MEXICO – Chiapas • Mpio , Ocozocoautla , steep-walled canyon at the head of the Río de la Venta at the Chorreadero near Derna; 16 Dec. 1972; D.E. Breedlove, R.F. Thorne 30301; MEXU • El Aguacero, 13 km al NO de Ocozocoautla; 29 Mar. 1985; E. Cabrera and H. de Cabrera 7870; MEXU • El Aguacero, canyon of the Río La Venta ; alt. 540–660 m; 19 Nov. 1984; G. Davidse, M. Sousa, O. Tellez, E. Martinez and J. Davidse 30083; MA, MO • 13 km E of Ocozocoautla on Rte 190, then N on road to Aguacero; alt. 630–700 m; 2 Oct. 1984; M.J. Huft, E. Cabrera and R. Torres 2253; MEXU, MO • “ Cascada El Aguacero en el Río La Venta ” [El Aguacero waterfall on the river La Venta]; 16°45′17″ N, 93°31′20″ W; alt. 600 m; 12 Dec. 1987; E. Martinez and A. Reyes 22018; MEXU, MICH GoogleMaps • El Aguacero, “a 33 km al E de Cintalapa ” [33 km E of Cintalapa]; alt. 540–660 m; 19 Nov. 1984; O. Tellez, M. Sousa, E. Martinez, G. Davidse and J. Davidse 8120; MO, MEXU • 7 mi SW of Tuxtla Gutierrez; alt. 3000 ft.; 11 Aug. 1962; G.L. Webster, K. Miller and L. Miller 12966; DAV, MO.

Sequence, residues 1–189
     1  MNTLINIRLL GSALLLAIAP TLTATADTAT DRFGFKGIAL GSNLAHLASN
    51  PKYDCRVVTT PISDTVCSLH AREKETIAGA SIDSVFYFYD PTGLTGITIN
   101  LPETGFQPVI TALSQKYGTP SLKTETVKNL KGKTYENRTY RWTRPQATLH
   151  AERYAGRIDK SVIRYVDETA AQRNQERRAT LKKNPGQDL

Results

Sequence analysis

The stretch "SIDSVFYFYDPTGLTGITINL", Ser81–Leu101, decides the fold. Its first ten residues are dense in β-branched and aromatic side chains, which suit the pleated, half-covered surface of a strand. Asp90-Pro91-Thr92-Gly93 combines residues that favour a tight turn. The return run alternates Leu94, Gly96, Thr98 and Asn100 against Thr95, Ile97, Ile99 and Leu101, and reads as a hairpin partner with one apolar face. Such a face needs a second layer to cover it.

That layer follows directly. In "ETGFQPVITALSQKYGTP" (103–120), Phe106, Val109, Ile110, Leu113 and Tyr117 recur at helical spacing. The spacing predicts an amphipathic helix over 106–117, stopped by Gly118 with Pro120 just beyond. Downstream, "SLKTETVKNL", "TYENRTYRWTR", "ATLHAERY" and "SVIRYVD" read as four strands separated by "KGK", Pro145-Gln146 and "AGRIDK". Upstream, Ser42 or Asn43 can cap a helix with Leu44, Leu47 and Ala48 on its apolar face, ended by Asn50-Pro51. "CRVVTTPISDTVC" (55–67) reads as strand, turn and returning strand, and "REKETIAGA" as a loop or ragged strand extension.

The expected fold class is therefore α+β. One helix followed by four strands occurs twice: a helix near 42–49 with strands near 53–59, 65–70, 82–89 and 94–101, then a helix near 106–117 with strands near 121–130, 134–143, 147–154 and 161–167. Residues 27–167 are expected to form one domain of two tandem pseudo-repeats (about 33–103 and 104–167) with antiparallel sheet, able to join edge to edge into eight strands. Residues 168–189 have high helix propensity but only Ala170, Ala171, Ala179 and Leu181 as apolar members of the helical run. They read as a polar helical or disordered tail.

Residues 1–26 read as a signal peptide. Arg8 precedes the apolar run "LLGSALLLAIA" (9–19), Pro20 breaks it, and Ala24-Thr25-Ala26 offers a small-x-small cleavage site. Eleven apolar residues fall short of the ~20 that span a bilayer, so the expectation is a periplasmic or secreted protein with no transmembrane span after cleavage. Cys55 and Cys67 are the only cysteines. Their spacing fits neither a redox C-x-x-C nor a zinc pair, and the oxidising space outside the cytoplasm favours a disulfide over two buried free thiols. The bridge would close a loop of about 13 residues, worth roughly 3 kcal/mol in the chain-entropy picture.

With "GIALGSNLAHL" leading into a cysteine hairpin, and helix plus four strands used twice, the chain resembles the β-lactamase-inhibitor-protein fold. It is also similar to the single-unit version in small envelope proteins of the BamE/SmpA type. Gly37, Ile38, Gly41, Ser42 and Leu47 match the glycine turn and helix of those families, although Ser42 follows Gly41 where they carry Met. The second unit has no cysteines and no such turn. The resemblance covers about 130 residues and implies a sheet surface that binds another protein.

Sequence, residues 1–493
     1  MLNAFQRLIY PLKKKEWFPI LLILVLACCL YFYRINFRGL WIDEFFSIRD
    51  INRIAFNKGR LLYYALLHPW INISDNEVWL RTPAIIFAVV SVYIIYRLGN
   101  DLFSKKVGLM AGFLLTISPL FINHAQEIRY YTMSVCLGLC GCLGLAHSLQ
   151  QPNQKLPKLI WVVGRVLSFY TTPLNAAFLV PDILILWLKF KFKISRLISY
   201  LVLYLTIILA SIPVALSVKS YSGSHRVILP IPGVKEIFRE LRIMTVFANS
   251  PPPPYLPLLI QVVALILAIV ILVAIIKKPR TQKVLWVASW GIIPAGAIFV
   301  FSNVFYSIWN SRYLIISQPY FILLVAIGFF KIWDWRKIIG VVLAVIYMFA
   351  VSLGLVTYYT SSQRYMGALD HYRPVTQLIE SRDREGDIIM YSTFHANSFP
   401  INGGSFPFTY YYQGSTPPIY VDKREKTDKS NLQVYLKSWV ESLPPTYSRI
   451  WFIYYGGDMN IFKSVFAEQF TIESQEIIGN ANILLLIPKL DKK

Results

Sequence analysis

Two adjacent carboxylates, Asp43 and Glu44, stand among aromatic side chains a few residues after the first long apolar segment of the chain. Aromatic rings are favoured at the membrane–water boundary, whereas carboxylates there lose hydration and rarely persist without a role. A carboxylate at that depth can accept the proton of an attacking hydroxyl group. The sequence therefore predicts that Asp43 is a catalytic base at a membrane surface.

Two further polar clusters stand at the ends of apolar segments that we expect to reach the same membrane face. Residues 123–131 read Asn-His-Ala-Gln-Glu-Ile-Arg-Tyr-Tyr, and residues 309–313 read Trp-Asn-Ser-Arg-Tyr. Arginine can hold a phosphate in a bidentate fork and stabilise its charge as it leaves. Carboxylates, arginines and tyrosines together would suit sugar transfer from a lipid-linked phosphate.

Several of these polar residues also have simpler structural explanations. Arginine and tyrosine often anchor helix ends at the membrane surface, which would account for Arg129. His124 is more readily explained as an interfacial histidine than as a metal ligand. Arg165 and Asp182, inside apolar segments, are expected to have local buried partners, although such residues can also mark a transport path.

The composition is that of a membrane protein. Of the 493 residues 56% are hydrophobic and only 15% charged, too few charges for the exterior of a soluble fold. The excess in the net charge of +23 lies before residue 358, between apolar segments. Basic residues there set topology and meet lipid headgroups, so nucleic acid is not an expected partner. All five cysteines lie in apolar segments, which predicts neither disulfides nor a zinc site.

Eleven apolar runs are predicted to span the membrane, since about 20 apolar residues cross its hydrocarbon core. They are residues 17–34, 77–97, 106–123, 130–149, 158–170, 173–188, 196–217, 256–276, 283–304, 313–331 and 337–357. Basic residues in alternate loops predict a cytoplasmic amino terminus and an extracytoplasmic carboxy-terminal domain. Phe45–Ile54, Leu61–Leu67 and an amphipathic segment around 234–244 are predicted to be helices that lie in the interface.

Small monoecious trees, up to 6 m high; young branches with a dense indumentum of rosulate (sometimes also stipitate) trichomes; latex from the main trunk and branches reddish to dark red (observation from herbarium specimens). Stipules short-triangular when young (ca 1.5 mm) to filiform 8–13.5 mm long, covered with a dense indumentum of rosulate and multiradiate trichomes, colleters (ovoid glands) at base, margin and apex. Leaf blade ovate to broadly ovate, 5–13 × 3.5–11 cm; base rounded to cordate; apex acute to obtuse; margin entire or slightly dentate; colleters (ovoid glands) along the margin; venation 3–5-plinerved, brochidodromous; primary and secondary veins raised on both surfaces; petiolar nectary glands 2–6, patelliform, sessile, subsessile or stipitate, attached to the petiole on the adaxial side, but also sometimes visible from the abaxial side; petiole 1.5–8 cm long, with a more or less dense indumentum of stellate adpressed trichomes; adaxial leaf indumentum very dense on young leaves to nearly glabrous on old leaves, sessile, stellate-porrect and stellate-multiradiate trichomes; abaxial leaf surface very densely pubescent on young leaves to sparser with age, with sessile or stipitate stellate or multiradiate trichomes. Inflorescences terminal, erect thyrses 8–10 cm long, axis costate, with a dense indumentum of stellatemultiradiate trichomes; bracts triangular, ca 1 × 1 mm; cymules usually bisexual, regularly spaced at the base and more congested toward the apex. Staminate flowers shortly pedicellate, pedicels 1–2 mm long; sepals valvate, triangular-ovate, 2–2.8 × 1.1–2 mm, adaxial surface with scattered simple trichomes, abaxial surface with a dense indumentum of stellate-multiradiate trichomes; petals narrow-elliptical, 1.7–1.8 × 0.7–0.8 mm, with scattered simple or stellate hairs on both surfaces, margin lanate; receptacle densely pilose; stamens 16; filaments glabrous, 2–3 mm long, anthers 0.6–0.9 × 0.4–0.5 mm. Pistillate flowers with pedicels 1.5–2 mm long, with stellate-multiradiate trichomes; sepals valvate, triangularovate, 2–2.2 × 1.2–1.3 mm, adaxial and abaxial surfaces with dense covering of stellate-multiradiate trichomes; petals absent or reduced to a filament with a colleter at the tip; ovary subglobose, densely covered with stellate-multiradiate trichomes; styles bifid, with six terminal tips, the lower half of the styles with stellate-multiradiate trichomes. Capsules depressed-subglobose, slightly trilobate, 12–13 × 12–15 mm; columella 9–10 mm long; seeds ovoid, 7–8 × 5.5–6 mm, brown, surface smooth, shiny, caruncle trapezoid, 0.6 × 1.2 mm.